In addition to the 40 percent of enrollees who move to Medi-Cal or job-based insurance, between 2 and 8 percent of those who sign up for Covered California are estimated to become uninsured, the analysis noted.

This process — “churn” to those who study health insurance — is well-known in the Medi-Cal and individual insurance market.


Wednesday, April 2nd, 2014 Woes Frustrate In-Person Helpers Around The Country

Last minute health insurance shoppers nationwide turned up in record numbers online Monday, and they also showed up in person at clinics, county health departments and libraries to sign up for Obamacare on the last official day of open enrollment. Here are dispatches from public radio reporters in Ohio, Pennsylvania and Houston — three of the 36 states that are using — and Minnesota, which has one of the most troubled state-run marketplaces.

OBSTACLES IN CLEVELAND: A steady stream of people filed through the doors of the Neighborhood Family Practice, a  free clinic on Cleveland’s near west side Monday, but Leah Pallant, an outreach and enrollment coordinator at the clinic expected many of them to leave without actually selecting a plan before the midnight deadline.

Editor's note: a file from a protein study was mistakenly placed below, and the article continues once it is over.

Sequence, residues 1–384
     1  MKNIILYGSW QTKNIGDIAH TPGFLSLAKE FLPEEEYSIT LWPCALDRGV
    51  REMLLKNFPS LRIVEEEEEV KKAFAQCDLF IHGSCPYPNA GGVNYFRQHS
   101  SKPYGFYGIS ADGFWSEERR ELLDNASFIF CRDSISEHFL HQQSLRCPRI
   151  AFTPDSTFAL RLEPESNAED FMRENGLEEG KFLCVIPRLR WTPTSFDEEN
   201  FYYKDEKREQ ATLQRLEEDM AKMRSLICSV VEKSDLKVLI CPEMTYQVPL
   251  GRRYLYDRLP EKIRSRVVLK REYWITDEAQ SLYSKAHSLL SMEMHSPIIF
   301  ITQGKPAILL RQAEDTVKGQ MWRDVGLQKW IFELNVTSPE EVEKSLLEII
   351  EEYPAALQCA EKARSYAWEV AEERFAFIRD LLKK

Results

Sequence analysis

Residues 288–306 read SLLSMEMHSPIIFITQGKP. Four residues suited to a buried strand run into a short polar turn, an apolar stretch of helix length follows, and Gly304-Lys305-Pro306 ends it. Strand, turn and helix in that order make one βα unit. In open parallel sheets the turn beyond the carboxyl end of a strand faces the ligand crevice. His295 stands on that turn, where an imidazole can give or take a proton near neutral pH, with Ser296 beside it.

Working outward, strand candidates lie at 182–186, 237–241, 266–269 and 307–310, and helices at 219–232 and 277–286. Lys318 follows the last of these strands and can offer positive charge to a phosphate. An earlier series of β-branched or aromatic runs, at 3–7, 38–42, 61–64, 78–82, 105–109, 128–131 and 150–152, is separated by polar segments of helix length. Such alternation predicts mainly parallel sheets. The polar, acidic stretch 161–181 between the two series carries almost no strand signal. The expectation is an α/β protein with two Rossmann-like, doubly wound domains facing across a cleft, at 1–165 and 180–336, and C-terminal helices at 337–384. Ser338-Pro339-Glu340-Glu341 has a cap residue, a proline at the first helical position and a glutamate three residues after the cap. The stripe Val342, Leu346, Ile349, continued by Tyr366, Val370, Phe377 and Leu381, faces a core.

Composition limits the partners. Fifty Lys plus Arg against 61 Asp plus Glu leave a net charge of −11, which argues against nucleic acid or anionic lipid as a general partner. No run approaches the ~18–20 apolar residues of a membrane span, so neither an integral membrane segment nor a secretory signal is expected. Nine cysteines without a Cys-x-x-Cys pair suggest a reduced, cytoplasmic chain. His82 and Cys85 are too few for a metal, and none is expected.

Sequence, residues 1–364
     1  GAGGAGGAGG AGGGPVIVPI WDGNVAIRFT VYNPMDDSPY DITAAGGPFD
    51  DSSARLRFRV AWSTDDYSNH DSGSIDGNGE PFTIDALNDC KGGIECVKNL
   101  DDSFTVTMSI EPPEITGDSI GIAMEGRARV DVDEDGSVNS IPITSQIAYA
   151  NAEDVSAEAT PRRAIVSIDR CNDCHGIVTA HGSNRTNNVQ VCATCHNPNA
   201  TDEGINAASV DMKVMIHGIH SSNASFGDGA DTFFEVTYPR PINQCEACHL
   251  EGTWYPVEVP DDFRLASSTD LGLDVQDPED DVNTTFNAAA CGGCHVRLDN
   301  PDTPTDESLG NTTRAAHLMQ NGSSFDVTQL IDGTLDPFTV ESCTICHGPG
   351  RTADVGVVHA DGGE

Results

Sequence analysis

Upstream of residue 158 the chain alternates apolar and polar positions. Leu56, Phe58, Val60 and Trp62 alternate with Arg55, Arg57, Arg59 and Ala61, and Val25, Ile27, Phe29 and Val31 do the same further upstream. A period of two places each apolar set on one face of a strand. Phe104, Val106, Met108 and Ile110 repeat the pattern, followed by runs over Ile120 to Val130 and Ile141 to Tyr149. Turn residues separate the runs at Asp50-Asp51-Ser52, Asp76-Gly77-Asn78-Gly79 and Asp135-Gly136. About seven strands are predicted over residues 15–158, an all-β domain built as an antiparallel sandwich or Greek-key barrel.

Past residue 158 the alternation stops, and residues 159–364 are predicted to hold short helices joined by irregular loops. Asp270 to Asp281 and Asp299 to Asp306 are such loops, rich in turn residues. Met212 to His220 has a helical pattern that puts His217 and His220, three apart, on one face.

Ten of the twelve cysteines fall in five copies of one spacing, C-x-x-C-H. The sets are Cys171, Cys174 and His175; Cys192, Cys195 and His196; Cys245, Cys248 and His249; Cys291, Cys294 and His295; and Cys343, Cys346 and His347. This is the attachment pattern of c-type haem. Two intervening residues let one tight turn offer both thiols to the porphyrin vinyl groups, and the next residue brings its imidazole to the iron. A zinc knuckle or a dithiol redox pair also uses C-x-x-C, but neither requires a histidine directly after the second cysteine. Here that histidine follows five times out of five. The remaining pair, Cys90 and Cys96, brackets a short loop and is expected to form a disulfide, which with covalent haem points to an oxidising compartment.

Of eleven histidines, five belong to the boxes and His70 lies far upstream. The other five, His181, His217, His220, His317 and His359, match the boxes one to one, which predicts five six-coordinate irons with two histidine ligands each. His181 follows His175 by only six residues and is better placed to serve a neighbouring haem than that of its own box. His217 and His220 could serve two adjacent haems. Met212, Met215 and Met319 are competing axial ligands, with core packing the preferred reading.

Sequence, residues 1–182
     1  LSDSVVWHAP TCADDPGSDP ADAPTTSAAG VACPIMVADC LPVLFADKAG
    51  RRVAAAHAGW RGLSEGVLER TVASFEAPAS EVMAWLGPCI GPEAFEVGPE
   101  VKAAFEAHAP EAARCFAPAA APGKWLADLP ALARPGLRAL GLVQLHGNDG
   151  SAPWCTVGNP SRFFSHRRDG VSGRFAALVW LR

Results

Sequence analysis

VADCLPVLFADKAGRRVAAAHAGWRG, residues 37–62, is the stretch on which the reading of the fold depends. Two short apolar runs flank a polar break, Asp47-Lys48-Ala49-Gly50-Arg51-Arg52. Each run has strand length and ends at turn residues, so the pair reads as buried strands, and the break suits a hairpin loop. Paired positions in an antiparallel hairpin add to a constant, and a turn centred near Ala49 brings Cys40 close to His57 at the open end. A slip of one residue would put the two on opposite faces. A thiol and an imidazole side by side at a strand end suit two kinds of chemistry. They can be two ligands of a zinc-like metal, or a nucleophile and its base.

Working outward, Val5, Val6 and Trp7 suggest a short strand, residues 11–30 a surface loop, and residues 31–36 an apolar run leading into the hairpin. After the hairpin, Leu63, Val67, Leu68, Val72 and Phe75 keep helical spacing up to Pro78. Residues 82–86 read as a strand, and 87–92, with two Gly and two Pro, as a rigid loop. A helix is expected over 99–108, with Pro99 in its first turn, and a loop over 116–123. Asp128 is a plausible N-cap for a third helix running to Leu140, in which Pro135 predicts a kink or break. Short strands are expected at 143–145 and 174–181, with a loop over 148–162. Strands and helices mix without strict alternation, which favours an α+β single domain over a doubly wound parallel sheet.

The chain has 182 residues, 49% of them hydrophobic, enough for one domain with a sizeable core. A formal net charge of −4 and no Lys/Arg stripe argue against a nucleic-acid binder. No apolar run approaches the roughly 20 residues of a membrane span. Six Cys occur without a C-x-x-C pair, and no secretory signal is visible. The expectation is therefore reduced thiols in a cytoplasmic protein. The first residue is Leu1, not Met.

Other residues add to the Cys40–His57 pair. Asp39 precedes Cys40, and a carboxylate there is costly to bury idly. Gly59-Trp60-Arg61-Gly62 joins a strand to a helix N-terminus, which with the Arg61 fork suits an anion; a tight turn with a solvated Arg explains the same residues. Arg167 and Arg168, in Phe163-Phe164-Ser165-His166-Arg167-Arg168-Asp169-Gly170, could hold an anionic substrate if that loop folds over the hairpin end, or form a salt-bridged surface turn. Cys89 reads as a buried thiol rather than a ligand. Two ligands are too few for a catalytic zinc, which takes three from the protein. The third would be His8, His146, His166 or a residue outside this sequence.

“The website is already in and out,” Pallant said. “The number of people on the website really made it difficult to keep working, because it basically just shuts you out entirely when they have too many visitors.”

Care coordinators constructed an inspirational billboard for folks signing up at the Neighborhood Family Practice (Photo by Sarah Jane Tribble/WCPN).

Federal officials said more than 1.2 million people from around the country had visited by noon Monday, and the site was handling as many as 125,000 people at a time. The site was down from about 3:20 a.m. until 9 a.m. for maintenance and then again later midday; at other points during the day it shunted people into a “virtual waiting room.”

Coordinators in Ohio and across the country encountered many of the same problems as people trying to sign up at home.